Republicans Reach Last-Minute Deal to Give Wealthy Americans an Even Bigger Tax Cut

The new agreement would cut the top income tax rate from 39.6 percent to 37 percent.

White House/Planet Pix/ZUMA

Fight disinformation: Sign up for the free Mother Jones Daily newsletter and follow the news that matters.

On Wednesday, House and Senate Republicans reached a deal on the tax bill, which they plan to vote on next week. The GOP came to a deal by bolstering the bill’s main goal: tax cuts for the rich. The new agreement would cut the top income tax rate from 39.6 percent to 37 percent. The corporate tax rate would fall from 35 percent to 21 percent, instead of the 20 percent rate passed by the House and Senate.

Taxpayers have to make at least $418,000 per year to be in the top income tax bracket today. The bill passed by the House kept the top tax rate at 39.6 percent, while the Senate bill cut it to 38.5 percent. Republicans decided to give top-earners a bigger tax cut because the tax bills cap the deduction for state and local taxes at $10,000, the Wall Street Journal reports.

Senate Minority Leader Leader Chuck Schumer (D-N.Y.) said Wednesday morning that the concern with limiting state and local tax deductions should be about how it would lead to tax hikes for some middle-class taxpayers. He added that it “makes no sense” to respond to that concern by giving the wealthiest Americans a larger tax cut.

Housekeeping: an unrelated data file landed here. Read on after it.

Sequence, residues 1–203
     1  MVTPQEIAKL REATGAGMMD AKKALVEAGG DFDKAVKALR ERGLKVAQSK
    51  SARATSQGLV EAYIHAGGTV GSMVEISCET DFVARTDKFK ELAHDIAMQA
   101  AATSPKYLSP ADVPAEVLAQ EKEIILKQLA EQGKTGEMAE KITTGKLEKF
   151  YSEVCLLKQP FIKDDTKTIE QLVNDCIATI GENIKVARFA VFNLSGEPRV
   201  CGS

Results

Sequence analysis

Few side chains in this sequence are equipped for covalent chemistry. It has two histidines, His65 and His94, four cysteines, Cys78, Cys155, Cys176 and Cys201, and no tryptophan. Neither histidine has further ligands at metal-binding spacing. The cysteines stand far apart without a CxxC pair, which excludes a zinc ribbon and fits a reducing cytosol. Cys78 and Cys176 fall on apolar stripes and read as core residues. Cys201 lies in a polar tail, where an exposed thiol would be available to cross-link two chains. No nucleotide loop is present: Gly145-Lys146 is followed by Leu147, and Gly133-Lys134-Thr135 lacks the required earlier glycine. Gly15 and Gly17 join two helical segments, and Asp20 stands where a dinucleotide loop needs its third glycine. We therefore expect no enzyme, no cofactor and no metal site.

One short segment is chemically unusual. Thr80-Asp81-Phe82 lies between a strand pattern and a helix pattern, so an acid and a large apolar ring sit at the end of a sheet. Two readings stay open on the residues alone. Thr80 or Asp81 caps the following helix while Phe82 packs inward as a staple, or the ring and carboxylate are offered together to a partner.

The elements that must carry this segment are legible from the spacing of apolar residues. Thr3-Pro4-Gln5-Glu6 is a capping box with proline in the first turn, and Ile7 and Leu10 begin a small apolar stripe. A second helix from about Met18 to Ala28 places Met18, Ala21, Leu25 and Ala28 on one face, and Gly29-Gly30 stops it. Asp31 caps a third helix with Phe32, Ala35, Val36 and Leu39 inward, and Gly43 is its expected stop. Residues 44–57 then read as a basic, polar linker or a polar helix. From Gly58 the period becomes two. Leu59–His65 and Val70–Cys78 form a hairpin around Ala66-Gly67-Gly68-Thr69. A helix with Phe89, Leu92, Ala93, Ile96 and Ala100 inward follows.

Schumer also called on Senate Majority Leader Mitch McConnell (R-Ky.) to delay votes on the tax bill until incoming Alabama Sen. Doug Jones is seated next year. In a bad sign for Democrats, Sen. Susan Collins (R-Maine) said Jones’ upset victory should not change the timing of the tax vote. Collins voted for the Senate bill, but is still seen as a possible, if unlikely, swing vote. McConnell can only afford to lose one vote on the tax bill if Sen. Bob Corker (R-Tenn.) maintains his opposition to the bill. If Jones is seated, Republicans would have no votes to spare.

 

LESS DREADING, MORE DOING

This is the rubber-meets-road moment: the early days in our first fundraising drive since we took a big swing and merged with CIR to bring fearless investigative reporting to the internet, radio, video, and everywhere else that people need an antidote to lies and propaganda.

Donations have started slow, and we hope that explaining, level-headedly, why your support really is everything for our reporting will make a difference. Learn more in “Less Dreading, More Doing,” or in this 2:28 video about our merger (that literally just won an award), and please pitch in if you can right now.

payment methods

LESS DREADING, MORE DOING

This is the rubber-meets-road moment: the early days in our first fundraising drive since we took a big swing and merged with CIR to bring fearless investigative reporting to the internet, radio, video, and everywhere else that people need an antidote to lies and propaganda.

Donations have started slow, and we hope that explaining, level-headedly, why your support really is everything for our reporting will make a difference. Learn more in “Less Dreading, More Doing,” or in this 2:28 video about our merger (that literally just won an award), and please pitch in if you can right now.

payment methods

We Recommend

Latest

Sign up for our free newsletter

Subscribe to the Mother Jones Daily to have our top stories delivered directly to your inbox.

Get our award-winning magazine

Save big on a full year of investigations, ideas, and insights.

Subscribe

Support our journalism

Help Mother Jones' reporters dig deep with a tax-deductible donation.

Donate